TORONTO - NOVEMBER 7: Cam Neely, the newest inductee into the Hockey Hall of Fame, at his induction photo opportunity on November 7, 2005 in Toronto, Ontario, Canada. (Photo by Bruce Bennett/Getty Images)
(Photo by Bruce Bennett/Getty Images)

PST: Let’s take a dive into American soccer. What’re your impressions of the game here?

JP: “You can split it up a whole bunch of different ways. The women’s program obviously has done a hell of a job in terms of how competitive they are.

I think the women should get paid more. I see the issue that they have and there’s no doubt in mind that they are all underpaid. By a wide margin, frankly.

“When I look at the youth program, they are getting better and better, and one of my guys Alex Zecca in the last 2 years has probably put together the best academy program of any European football team in the United States. We have 10 major academies, with weekly detailed programs that they all follow. We have coaches coming over looking for kids that we can bring back in Rome. Last week in Harvard we had four days of a number of kids coming in from around the country, and I think there are four kids we are bringing back to Rome to work and tryout. Kids from 12 years old up to 18. We kinda believe that we’re going to get a good look at a lot of the best kids in the U.S. that eventually can play in Europe. Those who are the best will because of the disparity of money and play today is just so different.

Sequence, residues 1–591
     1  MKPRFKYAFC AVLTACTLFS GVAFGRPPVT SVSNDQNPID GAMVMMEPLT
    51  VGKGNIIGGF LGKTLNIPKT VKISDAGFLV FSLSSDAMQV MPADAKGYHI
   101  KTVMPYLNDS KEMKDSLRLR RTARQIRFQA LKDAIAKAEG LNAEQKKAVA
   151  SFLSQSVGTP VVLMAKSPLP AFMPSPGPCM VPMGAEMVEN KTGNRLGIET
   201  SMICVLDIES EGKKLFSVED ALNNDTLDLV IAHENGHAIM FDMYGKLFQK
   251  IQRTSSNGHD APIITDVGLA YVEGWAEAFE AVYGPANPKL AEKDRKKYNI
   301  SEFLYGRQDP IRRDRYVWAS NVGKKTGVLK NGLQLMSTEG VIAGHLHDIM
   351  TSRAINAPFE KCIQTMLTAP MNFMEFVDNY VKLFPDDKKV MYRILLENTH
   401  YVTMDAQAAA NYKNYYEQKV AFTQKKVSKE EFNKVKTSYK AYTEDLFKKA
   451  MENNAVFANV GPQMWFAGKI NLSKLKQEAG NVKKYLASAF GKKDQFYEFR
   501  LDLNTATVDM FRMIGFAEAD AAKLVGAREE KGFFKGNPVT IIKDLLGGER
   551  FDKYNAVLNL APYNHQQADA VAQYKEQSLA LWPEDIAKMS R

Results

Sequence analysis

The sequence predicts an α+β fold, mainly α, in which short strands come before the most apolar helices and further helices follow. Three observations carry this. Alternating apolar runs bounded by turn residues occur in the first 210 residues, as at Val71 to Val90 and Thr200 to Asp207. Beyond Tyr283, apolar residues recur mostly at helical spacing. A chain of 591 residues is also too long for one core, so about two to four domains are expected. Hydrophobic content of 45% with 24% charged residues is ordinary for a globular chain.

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“I think Don Garber has done a spectacular job with the MLS, but I don’t know how far it goes with European football. When I talk to a number of people who are owners, or looking to be owners — and I’ve looked myself too — it’s difficult to see how the monetary side of it closes, even in 5-10 years. In Europe, I think it actually widens.